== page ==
Legal Advisor to Torah Mitzion
Should a lawyer, who has served a sentence of imprisonment for forging legal documents or stealing clients’ money but who has now turned over a new leaf, be entitled to continue practicing as a lawyer?
1. On the one hand, a person who commits an offence and pays the penalty imposed on him and thereby does his penance in full, or otherwise behaves in a manner that satisfies the court that he has mended his ways for the future – such a person is to be forgiven and never reminded of his earlier misdeeds; in general he becomes fit once more to fill the office in which he served when he erred. The general rule is succinctly put by the Sifri on the verse “Lest your brother shall be dishonored before your eyes” (Devarim 25:3): “Until he is flogged, the Torah calls him a wicked person (v. 2); but once he has received his punishment, he is called your brother”.
2. A responsum of 10th century leader of Ashkenazi Jewry, Rabbeinu Gershom, Meor Ha’Gola, is extremely illuminating in this respect. Rabbeinu Gershom was asked whether it was fitting for a Cohen, who had become an apostate in the past and later repented his act, to duchen and to be called up first to the Torah? Rabbeinu Gershom concludes his responsum by saying “not only are there no grounds not to restore him to his previous position, but there is explicit Biblical and Mishnaic support to restore him” for the following two reasons: (i) One is forbidden even to remind a person who has done teshuva of his former deeds (see Bava Metzia 58b); and (ii) Failure to enable a person to wipe the slate clean after his transgression will actually encourage him not to do teshuva.
3. Rav Hai Gaon, the head of the Pumbedita Yeshiva, states in one of his Responsa: “Nothing stands in the face of teshuva; rather, Hashem forgives anyone who has sincerely repented of his misdeeds and undertaken never to repeat them. And even though we as human beings are incapable of perceiving another human being’s state of mind, where a long period of time has elapsed and it is apparent that the offender has done teshuva – we accept such a person…”
4. While the above is undoubtedly true in general, there may be occasions (albeit rare) in which punishment and penance will not suffice to enable a person to be restored to his previous position of honor. These include where the offence committed is extremely severe (e.g. murder); where the officeholder is meant to serve as a personal example to others or where the position is one which demands a great degree of public confidence which has been eroded in consequence of the transgression (e.g. the President of the Sanhedrin).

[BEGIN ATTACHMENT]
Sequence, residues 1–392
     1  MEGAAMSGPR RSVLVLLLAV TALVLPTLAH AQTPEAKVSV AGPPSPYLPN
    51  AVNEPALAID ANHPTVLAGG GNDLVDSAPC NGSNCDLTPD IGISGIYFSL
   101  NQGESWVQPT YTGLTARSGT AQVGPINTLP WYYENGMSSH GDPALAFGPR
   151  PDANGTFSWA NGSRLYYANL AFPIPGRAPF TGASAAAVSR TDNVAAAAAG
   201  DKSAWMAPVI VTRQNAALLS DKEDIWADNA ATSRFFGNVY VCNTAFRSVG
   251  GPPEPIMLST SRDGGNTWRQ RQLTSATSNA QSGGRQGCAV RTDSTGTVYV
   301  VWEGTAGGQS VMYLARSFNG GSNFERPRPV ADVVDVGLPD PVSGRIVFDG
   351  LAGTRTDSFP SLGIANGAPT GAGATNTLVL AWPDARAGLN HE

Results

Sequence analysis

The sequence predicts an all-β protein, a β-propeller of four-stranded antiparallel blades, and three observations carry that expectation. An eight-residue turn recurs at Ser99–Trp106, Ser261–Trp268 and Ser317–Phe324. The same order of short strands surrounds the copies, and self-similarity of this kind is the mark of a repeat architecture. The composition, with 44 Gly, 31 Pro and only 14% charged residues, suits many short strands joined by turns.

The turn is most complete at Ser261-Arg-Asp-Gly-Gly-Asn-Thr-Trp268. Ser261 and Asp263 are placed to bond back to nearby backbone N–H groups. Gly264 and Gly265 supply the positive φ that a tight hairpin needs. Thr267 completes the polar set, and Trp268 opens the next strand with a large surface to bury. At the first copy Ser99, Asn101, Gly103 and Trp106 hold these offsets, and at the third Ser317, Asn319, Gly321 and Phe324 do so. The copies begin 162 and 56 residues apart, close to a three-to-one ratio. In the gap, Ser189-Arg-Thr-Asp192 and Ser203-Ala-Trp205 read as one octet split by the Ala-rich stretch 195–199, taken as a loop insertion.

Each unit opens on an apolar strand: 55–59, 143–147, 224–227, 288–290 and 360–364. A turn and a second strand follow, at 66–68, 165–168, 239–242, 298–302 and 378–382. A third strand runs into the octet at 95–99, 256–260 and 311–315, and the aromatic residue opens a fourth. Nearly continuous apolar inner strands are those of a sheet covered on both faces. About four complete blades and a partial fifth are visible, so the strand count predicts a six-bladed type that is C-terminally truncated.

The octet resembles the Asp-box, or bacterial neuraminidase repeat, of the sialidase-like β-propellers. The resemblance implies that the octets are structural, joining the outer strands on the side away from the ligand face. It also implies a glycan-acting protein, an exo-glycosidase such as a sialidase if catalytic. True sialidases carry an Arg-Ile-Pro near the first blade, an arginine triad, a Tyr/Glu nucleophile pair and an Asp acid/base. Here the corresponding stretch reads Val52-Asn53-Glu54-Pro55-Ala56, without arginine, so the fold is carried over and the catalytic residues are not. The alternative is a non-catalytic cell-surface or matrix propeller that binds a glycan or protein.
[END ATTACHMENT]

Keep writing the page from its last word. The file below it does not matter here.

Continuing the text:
5. The above instances are exceptional, but they emphasize the rule that the door is not to be bolted in the face of those who repent sincerely and honestly. Indeed, in the absence of any weighty reason to the contrary, restoration to their previous way of life, their occupation and post should be facilitated for the penitent (Israeli Supreme Court Justice, Kister J, in the case of A. v. Attorney-General (1968)).
6. In the case in question, the Israeli Supreme Court (basing itself on the above principles of Jewish Law!) ruled that the lawyer could return to his previous position after a period of two years’ suspension, because of the lapse of time between the date on which the offence was committed and the date on which the offence came to light (some 10 years later), during which period the lawyer had reformed himself and demonstrated his commitment to the integrity of the legal profession.
7. Passage of time as an indicator of genuine repentance on the part of an offender, forms the basis of the Israeli Criminal Register and Rehabilitation of Offenders Law, 5741-1981. This determines that after the passage of a certain period of time from the date of serving a criminal sentence the entry in the Register will be erased and the offender will be deemed “as if he had never been convicted.” In other words, if the previous offender is asked about his previous convictions, he can affirm that he has none!
8. Is the practice in Israel (and other Western countries) of publicizing the names of the convicted parties in court cases commendable? In light of the above, the answer is an unequivocal ‘no’: for once a person has served his sentence (and certainly where he now regrets his past misdeeds), he is entitled to be regarded as “your brother” and to have his slate wiped clean. That is the essence of teshuva. It would be far more moral in this regard merely to refer to court cases by numbers (as is the practice in some countries), rather than using the names of the parties.